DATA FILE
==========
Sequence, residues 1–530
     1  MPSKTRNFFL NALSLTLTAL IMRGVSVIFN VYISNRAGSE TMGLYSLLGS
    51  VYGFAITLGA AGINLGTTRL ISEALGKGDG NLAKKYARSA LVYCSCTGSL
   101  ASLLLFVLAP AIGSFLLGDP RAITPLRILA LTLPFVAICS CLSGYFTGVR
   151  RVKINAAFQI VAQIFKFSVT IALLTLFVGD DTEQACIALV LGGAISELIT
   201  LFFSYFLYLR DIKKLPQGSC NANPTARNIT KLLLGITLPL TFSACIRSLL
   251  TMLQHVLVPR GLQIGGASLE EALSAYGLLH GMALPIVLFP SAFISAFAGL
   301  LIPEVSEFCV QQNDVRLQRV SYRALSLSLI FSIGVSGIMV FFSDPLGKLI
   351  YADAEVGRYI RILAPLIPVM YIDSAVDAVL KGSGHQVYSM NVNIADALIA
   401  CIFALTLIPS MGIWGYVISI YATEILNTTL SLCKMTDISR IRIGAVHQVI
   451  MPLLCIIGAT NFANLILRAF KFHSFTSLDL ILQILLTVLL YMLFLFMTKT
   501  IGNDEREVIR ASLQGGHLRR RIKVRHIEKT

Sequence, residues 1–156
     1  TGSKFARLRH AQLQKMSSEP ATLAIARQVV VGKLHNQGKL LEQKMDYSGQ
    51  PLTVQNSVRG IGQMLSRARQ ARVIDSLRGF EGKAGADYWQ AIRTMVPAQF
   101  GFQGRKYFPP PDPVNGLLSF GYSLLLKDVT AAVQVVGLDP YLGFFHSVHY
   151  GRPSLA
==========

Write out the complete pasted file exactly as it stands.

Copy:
Sequence, residues 1–530
     1  MPSKTRNFFL NALSLTLTAL IMRGVSVIFN VYISNRAGSE TMGLYSLLGS
    51  VYGFAITLGA AGINLGTTRL ISEALGKGDG NLAKKYARSA LVYCSCTGSL
   101  ASLLLFVLAP AIGSFLLGDP RAITPLRILA LTLPFVAICS CLSGYFTGVR
   151  RVKINAAFQI VAQIFKFSVT IALLTLFVGD DTEQACIALV LGGAISELIT
   201  LFFSYFLYLR DIKKLPQGSC NANPTARNIT KLLLGITLPL TFSACIRSLL
   251  TMLQHVLVPR GLQIGGASLE EALSAYGLLH GMALPIVLFP SAFISAFAGL
   301  LIPEVSEFCV QQNDVRLQRV SYRALSLSLI FSIGVSGIMV FFSDPLGKLI
   351  YADAEVGRYI RILAPLIPVM YIDSAVDAVL KGSGHQVYSM NVNIADALIA
   401  CIFALTLIPS MGIWGYVISI YATEILNTTL SLCKMTDISR IRIGAVHQVI
   451  MPLLCIIGAT NFANLILRAF KFHSFTSLDL ILQILLTVLL YMLFLFMTKT
   501  IGNDEREVIR ASLQGGHLRR RIKVRHIEKT

Sequence, residues 1–156
     1  TGSKFARLRH AQLQKMSSEP ATLAIARQVV VGKLHNQGKL LEQKMDYSGQ
    51  PLTVQNSVRG IGQMLSRARQ ARVIDSLRGF EGKAGADYWQ AIRTMVPAQF
   101  GFQGRKYFPP PDPVNGLLSF GYSLLLKDVT AAVQVVGLDP YLGFFHSVHY
   151  GRPSLA